© 2020 Sepati Ingera, LLC.

CC BY-SA 4
Search

Let's Get Personal!

“Personalized learning” is in vogue right now, but unfortunately, educational publishing companies have commandeered this term and made it about individualizing the delivery of instruction for a student using algorithms and the flexibility of technology. And that misses the mark.


“Personal learning” has emerged as the term to distinguish learning that is truly owned by the learner from differentiated, individualized, or personalized learning. A key distinction is that in personal learning, the focus is on the learning. Historically, we have referred to differentiated instruction and individualized instruction, where the focus is on the instructional practice employed. Personalized learning, given how this term has been hijacked, is more accurately termed personalized instruction. In all three instances, the student is still the recipient of some program imposed by a teacher or computer program.


Personal learning recognizes and respects learner agency. When fully empowered, the learner decides what to learn, when to learn it, and how to learn it. Indeed, it is how we learn what we choose to learn. Suppose, for instance, that you want to learn about meteorology. You may choose to explore this topic on the internet, read books, take a class, attend lectures, engage with an expert or mentor, or even do your own scientific studies. You choose what specific topics you want to explore and to what depth. You may be intensely engaged in your learning at times and there may be periods of time when you invest very little effort into your learning. This is personal learning.


All well and good you say, but we still have learning expectations for students. Yes, we do. And, those are important references for learners as they design their learning paths and plans. Content standards, though, are only one important reference for learners. Career credentials may also define external expectations. Performance standards may define expectations for others. The point is that what a learner chooses to learn and prioritize in the process is more a result of their aspirations, passions, and personal goals than a one-size-fits-all list of requirements. Do all graduates really need to know how to “express a logarithm as the solution to the exponential equations ab^ct=d where, a, c, and d are numbers and the base b is 2, 10, or e; evaluate the logarithm using technology.” (SC Pre-calculus math standard PC.FLQE.4) or even SC Geometry standard G.GSRT.1: “Understand a dilation takes a line not passing through the center of the dilation to a parallel line, and leaves a line passing through the center unchanged. Verify experimentally the properties of dilations given by a center and a scale factor. Understand the dilation of a line segment is longer or shorter in the ration given by the scale factor”?



Learning can happen anywhere, at anytime. It doesn't require sitting in a classroom.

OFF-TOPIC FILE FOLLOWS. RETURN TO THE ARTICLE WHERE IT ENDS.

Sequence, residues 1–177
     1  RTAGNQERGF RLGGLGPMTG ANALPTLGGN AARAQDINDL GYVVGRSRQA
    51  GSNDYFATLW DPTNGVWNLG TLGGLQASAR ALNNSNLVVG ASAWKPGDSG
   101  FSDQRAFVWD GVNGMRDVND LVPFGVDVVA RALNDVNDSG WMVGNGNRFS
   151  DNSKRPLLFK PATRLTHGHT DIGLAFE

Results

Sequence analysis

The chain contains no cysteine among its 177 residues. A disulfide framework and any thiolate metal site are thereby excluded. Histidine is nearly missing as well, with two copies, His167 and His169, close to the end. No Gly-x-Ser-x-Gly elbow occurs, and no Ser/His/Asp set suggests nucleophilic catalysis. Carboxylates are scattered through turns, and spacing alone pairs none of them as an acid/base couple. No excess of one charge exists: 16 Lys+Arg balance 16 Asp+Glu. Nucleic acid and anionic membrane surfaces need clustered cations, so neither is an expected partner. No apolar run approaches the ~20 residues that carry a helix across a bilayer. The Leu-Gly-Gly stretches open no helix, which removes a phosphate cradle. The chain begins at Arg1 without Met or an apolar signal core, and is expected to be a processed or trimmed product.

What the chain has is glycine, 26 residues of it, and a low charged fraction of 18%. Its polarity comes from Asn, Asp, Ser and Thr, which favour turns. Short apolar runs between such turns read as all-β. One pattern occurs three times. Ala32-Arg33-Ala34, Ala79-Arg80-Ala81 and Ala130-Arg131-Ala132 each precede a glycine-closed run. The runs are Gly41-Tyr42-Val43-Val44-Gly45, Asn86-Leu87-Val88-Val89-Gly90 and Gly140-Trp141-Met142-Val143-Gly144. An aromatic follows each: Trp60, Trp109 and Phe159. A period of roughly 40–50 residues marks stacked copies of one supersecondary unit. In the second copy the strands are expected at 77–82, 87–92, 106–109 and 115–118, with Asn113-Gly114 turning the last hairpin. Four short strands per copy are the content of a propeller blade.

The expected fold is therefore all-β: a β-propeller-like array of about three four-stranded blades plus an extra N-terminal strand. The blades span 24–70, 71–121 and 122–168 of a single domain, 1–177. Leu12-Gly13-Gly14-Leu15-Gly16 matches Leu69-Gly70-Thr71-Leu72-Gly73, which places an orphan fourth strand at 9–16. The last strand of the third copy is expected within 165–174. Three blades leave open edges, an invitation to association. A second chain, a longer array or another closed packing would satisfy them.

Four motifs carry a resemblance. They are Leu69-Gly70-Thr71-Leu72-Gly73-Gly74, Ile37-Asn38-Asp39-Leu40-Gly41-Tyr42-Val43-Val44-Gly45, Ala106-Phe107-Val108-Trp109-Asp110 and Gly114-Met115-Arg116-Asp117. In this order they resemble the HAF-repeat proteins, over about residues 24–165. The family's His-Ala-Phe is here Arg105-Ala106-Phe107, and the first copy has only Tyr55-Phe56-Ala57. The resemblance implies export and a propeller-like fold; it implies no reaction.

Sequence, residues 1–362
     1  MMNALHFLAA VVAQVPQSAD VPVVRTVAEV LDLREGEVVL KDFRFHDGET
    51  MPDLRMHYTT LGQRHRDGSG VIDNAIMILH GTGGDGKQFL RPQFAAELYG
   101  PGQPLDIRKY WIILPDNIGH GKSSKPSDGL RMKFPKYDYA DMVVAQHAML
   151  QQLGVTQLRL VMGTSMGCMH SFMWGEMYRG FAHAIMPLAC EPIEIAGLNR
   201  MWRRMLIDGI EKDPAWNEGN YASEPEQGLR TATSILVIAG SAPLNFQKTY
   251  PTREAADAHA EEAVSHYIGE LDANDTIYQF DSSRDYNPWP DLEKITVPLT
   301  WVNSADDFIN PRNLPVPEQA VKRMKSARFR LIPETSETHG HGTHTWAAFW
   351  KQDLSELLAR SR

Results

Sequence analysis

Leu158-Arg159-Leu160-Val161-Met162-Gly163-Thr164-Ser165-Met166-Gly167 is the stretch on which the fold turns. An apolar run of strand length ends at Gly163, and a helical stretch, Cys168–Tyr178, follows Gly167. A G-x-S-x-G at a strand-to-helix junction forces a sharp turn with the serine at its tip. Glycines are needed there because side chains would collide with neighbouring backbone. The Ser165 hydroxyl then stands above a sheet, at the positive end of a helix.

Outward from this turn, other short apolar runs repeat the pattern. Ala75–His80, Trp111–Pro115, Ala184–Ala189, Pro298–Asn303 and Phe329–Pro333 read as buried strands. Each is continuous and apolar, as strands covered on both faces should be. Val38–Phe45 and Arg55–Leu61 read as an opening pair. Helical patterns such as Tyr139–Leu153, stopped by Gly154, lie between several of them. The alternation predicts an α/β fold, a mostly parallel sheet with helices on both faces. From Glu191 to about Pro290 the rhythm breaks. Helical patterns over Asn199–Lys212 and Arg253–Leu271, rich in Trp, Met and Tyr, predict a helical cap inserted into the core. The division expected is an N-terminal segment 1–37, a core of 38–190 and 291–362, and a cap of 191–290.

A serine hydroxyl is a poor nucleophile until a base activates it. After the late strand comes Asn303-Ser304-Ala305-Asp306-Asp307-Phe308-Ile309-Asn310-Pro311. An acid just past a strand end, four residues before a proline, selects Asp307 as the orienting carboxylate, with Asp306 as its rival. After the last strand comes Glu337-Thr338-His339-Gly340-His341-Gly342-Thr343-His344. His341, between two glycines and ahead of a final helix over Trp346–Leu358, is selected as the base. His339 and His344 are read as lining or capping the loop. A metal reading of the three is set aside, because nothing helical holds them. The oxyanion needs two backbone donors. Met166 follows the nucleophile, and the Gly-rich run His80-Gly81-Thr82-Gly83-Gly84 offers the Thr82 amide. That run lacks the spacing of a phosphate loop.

As schools and districts seek to better support personal learning, there are some elements to consider:

*Class schedules and seat time need to be replaced with time management and demonstration of mastery. In a world where we need to ensure that the children entrusted to our care are safe, we do need to know where they are. Additionally, we want to be sure to monitor their learning progress so that we can support, encourage and coach them. There are many software solutions available today that enable this. As for mastery, I’ll tackle that in another blog.

*Learners need to develop learning plans that take into account their goals, passions, and current achievement levels, as well as learning styles, resources, and opportunities. As noted above, these plans also need to consider external requirements associated with their learning goals.

*It is the learning that must be validated. A competency-based, mastery-driven system to verify the accomplishments of each learner needs to be in place. Learning that happens within the system and outside of the system needs to be validated. A number of micro-credential and badge systems are available today to support this approach.

*Teachers will still teach, but not to a captive audience. Instead, they need to offer lectures and experiences informed by learners’ plans. Further, they need to function more as coaches, resources, and consultants, in response to each learner.

*Policies, resource allocation, structures are among the many other elements that need to change in a true personal learning environment.


Admittedly, this vision represents a significant change from the current model of school. The change management process can occur, though, through very intentional and well managed stages. Systems, like individuals, go through predictable developmental phases. We’ve attempted to capture this process in the maturity model. We believe strongly that the whole system needs to maintain alignment throughout the evolution of becoming a personal learning system. We welcome your feedback and constructive thoughts on this model.

1 view